The Buddha taught the existence of other world-systems with their own suns, moons, and oceans, harboring other intelligent beings.  He said that our world is included in a system of 10,000 worlds, one of an infinite number of world-systems.  He went on to say that Buddhas just like him sometimes appear on these worlds and teach the inhabitants the Dhamma (objective spiritual teaching and absolute Law).  Sometimes they do not appear at all and the inhabitants suffer greatly for it, living through what is called a dark cosmic aeon.
  Buddhist cosmology would be a helpful reference to this question.  And here I will be careful to make the distinction between the cosmology of Tibetan Buddhism and the cosmology of other countries that adopted Buddhism, and the cosmology presented by the Buddha.  It's also important to note that the Buddhistic sects also honor and consider the original cosmology to be legitimate.
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« Reply #9: March 21, 2011, 03:53:27 pm »

  The Buddha taught the existence of other world-systems with their own suns, moons, and oceans, harboring other intelligent beings.  He said that our world is included in a system of 10,000 worlds, one of an infinite number of world-systems.  He went on to say that Buddhas just like him sometimes appear on these worlds and teach the inhabitants the Dhamma (objective spiritual teaching and absolute Law).  Sometimes they do not appear at all and the inhabitants suffer greatly for it, living through what is called a dark cosmic aeon.
  Buddhist cosmology would be a helpful reference to this question.  And here I will be careful to make the distinction between the cosmology of Tibetan Buddhism and the cosmology of other countries that adopted Buddhism, and the cosmology presented by the Buddha.  It's also important to note that the Buddhistic sects also honor and consider the original cosmology to be legitimate.

  If intelligent life were to be encountered from other worlds, I think the educated Buddhist populace would raise their eyebrows and with a nod say, "wasn't it obvious?"  The universe doesn't have limits, it's composed of matter and mind.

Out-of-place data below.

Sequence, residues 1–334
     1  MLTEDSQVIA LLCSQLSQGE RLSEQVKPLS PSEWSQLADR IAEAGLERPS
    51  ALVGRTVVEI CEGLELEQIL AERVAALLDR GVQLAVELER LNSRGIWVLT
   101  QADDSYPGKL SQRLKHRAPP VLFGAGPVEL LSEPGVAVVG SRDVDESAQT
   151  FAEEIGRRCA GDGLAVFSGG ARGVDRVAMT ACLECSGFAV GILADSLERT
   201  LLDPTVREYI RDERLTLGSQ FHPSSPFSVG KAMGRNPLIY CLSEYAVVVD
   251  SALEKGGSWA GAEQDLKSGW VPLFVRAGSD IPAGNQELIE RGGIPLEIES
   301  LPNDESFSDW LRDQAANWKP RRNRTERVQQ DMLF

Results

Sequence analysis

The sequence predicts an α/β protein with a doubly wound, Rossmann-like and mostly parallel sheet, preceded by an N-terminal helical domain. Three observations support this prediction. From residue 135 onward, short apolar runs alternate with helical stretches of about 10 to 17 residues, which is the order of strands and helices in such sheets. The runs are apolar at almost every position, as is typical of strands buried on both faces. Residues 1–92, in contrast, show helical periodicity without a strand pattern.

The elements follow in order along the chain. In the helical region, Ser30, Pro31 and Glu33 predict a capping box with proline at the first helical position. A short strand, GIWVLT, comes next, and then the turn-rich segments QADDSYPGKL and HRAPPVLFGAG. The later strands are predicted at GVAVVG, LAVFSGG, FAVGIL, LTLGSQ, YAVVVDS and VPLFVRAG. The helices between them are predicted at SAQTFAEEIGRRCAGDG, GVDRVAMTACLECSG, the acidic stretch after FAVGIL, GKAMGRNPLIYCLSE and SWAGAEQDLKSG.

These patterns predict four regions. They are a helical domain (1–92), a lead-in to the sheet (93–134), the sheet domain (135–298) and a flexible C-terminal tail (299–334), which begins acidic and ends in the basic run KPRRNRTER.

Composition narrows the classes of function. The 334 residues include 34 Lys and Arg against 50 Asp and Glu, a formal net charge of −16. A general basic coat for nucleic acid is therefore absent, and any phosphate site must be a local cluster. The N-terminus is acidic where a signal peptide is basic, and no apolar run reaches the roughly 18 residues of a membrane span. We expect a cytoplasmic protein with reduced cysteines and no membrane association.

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« Reply #10: March 21, 2011, 03:56:49 pm »

Well, it seems that Judaism probably evolved from polytheistic beliefs, so the Bible is kind of a mixed bag on that topic. There appears to be some small remnants here and there of that polytheistic tradition within some of the oldest texts in the Bible. As Judaism evolved further, it seems that God was accepted as the supreme god, but it was allowed that there were other gods and that YHWH was simply better than them. You find remnants of this belief in a few parts of the Bible as well. Eventually though, that belief lost favor as the Israelites began to consider YHWH as the only god, which is a tradition that Christians continued. So, most of the later texts of the Old Testament and pretty much all of the New Testament have clear affirmations of the god of the Israelites being the only true god. For instance, John 17:3 among many others.
 

And I know a few Christians who would never, ever accept that Judaism evolved from other religions/polytheistic beliefs.  To them, the One True God is just that... not a hand-me-down from the Assyrians or Egyptians or any other contemporary sources, or those who came before... so I imagine other beings from other worlds would, as said before, impact their belief system greatly. Heck, I bet my sister, a hard-core Catholic, would have trouble with the first Commandment that you mentioned;  that no other gods existed. To her, they'd be "Demons."
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« Reply #11: March 21, 2011, 04:21:37 pm »

Recently, I've been pondering what sort of consequences the existence of intelligent alien life might have for our understanding of religion here on Earth. Personally, I believe that, in the infinite vastness of the cosmos, it's probably pretty likely that intelligent life forms have developed on planets other than Earth. Likewise, I think the incredible vastness of space means that our chances of ever encountering any of these life forms are exceedingly slim. What if we do encounter these creatures somehow though? Will that force us to fundamentally re-evaluate our understanding of religion? After all, most religions on Earth are very Earth-centric and, as such, the existence of beings not of this planet do not generally fit neatly into most religious traditions.